Now if you are using a VBL liner or clothing, you could also have a sleeping bag made entirely from non-breathable fabric, since it won't accumulate moisture and thus doesn't need to dry out. You do need to have part of the shell breathable so that air can get out when you pack it and back in so it can loft up.

jerry adams
(retiredjerry) - MLife

Locale: Oregon and Washington
Re: Waterproof inside layer for winter bag on 01/26/2014 13:41:11 MST Print View

Maybe RH is unimportant.

What's important is the point in your insulation where the temperature reaches freezing. At that point, the water vapor traveling from your body to the outside will freeze, and then it will just stay there.

Daryl and Daryl
(lyrad1) - MLife

Locale: Pacific Northwest, USA, Earth
Re: Sleeping bag weight data on 01/26/2014 14:27:35 MST Print View

Jerry,

Just curious.

Were you able to recall those sleeping bag weight numbers from memory alone or did you have notes to which you referred.

Ike Jutkowitz
(Ike) - M

Locale: Central Michigan
VBL bag on 01/26/2014 15:27:33 MST Print View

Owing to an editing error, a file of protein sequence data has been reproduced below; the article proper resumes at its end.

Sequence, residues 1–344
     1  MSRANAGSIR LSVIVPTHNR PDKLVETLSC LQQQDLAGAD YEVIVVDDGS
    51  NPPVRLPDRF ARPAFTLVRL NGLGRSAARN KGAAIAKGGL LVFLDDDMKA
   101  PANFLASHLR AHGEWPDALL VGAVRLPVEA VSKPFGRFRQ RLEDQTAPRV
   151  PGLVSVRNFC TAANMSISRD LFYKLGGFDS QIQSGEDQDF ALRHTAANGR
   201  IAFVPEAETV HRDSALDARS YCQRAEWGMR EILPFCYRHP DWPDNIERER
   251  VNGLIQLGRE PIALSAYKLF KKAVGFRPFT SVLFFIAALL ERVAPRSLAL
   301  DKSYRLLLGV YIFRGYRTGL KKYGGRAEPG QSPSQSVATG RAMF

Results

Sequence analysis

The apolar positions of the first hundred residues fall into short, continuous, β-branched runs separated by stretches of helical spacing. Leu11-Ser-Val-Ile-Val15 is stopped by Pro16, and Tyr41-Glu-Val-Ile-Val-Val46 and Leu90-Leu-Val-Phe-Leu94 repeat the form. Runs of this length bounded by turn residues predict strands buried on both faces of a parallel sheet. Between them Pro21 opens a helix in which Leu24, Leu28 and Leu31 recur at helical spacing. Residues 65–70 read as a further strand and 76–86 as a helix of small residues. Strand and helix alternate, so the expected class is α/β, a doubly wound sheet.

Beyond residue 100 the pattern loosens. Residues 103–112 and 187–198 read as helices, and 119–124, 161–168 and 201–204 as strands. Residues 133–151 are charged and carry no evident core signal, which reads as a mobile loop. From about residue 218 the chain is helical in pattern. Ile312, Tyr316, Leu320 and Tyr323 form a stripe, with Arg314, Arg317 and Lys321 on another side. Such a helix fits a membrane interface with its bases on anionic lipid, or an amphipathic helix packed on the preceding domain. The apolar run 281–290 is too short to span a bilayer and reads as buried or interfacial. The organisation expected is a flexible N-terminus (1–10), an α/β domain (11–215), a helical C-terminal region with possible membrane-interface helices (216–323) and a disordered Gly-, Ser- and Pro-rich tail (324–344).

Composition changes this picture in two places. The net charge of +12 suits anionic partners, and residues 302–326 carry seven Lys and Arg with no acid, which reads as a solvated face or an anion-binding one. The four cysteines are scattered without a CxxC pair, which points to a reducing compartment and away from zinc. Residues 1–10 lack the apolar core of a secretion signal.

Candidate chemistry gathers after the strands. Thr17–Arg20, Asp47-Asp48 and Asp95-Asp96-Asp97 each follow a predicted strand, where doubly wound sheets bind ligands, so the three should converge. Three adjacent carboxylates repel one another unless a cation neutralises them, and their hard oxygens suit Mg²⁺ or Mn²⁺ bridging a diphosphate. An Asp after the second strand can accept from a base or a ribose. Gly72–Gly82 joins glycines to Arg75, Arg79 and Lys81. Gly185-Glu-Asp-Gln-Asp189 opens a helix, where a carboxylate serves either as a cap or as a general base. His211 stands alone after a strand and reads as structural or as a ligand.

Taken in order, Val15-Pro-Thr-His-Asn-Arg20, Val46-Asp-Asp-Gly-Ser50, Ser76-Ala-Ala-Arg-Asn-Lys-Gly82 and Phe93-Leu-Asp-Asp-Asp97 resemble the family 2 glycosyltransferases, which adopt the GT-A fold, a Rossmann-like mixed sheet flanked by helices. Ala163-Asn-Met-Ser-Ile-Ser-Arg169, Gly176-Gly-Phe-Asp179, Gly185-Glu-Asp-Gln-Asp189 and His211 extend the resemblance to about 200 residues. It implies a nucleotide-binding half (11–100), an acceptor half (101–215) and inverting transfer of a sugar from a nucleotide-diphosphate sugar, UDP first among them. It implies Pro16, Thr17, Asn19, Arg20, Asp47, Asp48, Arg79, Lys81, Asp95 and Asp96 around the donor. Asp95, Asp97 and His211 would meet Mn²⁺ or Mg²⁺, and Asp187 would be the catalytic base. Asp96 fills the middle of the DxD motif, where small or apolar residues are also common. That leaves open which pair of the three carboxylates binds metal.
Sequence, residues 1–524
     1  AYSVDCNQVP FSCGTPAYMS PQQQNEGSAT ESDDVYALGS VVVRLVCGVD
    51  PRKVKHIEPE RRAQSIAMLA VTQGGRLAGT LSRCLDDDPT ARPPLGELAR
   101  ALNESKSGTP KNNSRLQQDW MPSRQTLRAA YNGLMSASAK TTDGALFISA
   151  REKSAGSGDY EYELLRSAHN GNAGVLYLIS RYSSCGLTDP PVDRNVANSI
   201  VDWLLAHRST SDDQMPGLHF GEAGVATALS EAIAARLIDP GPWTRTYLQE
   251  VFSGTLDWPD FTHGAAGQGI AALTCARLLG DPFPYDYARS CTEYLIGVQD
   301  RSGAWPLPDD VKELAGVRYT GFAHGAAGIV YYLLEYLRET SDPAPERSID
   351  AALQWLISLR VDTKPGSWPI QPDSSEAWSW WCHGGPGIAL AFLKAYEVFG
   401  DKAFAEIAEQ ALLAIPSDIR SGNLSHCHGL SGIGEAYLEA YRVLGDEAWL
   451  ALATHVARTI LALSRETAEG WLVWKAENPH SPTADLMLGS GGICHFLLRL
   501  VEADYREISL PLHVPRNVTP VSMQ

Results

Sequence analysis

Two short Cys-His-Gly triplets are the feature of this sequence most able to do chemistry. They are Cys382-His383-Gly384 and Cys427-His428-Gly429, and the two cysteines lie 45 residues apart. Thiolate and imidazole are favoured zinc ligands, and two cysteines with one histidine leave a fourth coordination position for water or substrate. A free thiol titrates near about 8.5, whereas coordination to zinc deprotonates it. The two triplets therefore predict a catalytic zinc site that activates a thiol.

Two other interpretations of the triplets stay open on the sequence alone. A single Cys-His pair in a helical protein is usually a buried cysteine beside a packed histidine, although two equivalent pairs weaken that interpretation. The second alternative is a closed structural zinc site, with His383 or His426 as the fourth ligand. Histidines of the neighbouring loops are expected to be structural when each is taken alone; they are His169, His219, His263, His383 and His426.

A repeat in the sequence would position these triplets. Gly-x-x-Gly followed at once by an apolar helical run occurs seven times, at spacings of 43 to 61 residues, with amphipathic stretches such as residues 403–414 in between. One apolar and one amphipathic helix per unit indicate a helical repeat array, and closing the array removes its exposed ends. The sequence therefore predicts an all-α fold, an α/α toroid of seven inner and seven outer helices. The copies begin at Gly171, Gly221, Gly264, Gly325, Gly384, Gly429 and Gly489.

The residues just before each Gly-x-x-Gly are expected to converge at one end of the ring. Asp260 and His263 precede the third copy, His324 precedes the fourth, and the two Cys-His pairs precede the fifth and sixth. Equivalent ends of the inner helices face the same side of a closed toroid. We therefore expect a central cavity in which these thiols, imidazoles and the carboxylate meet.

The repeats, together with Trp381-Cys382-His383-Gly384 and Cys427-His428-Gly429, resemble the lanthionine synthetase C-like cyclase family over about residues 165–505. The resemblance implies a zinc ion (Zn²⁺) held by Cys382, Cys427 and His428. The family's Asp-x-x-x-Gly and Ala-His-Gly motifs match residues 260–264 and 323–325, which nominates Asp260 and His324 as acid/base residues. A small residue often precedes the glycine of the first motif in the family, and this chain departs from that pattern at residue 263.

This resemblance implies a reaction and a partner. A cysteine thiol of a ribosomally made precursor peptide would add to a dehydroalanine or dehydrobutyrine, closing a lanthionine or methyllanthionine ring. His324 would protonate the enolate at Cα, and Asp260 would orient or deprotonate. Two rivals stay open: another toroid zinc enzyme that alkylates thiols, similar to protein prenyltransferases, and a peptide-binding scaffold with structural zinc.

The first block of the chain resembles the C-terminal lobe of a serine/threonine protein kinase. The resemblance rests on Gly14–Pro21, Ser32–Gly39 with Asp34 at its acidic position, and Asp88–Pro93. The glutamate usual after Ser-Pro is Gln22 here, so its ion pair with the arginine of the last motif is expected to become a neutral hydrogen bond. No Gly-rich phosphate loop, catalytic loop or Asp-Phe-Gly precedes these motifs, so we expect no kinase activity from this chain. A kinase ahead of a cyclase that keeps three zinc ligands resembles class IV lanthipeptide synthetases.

The relative humidity is so high on the Lake Superior shoreline that I've been disappointed with the performance of my 900 fill down, even with all reasonable precautions (rainsuit VBL, synthetic overbag). This year, I've been playing around with a homemade polycryo liner bag with a 2' lip to cover the top baffles.

Vbl

jerry adams
(retiredjerry) - MLife

Locale: Oregon and Washington
Re: Re: Sleeping bag weight data on 01/26/2014 16:40:08 MST Print View

I record measurements in Excel file. Not super ADD, but about half the time when I get back from trip I'll weigh bag, let it dry out for a week, then measure again.

I recently switched to down so I'm evaluating whether it's getting wet. My conclusion is, so far, with a bit of precaution, there's no reason to use synthetic instead of down. Synthetic weighs twice as much for the same warmth. But the shell and lining weighs about the 50% of total, so a down bag only weighs 75% of synthetic. Except I think synthetic loses half it's warmth after a few years so then a down bag weighs 62.5%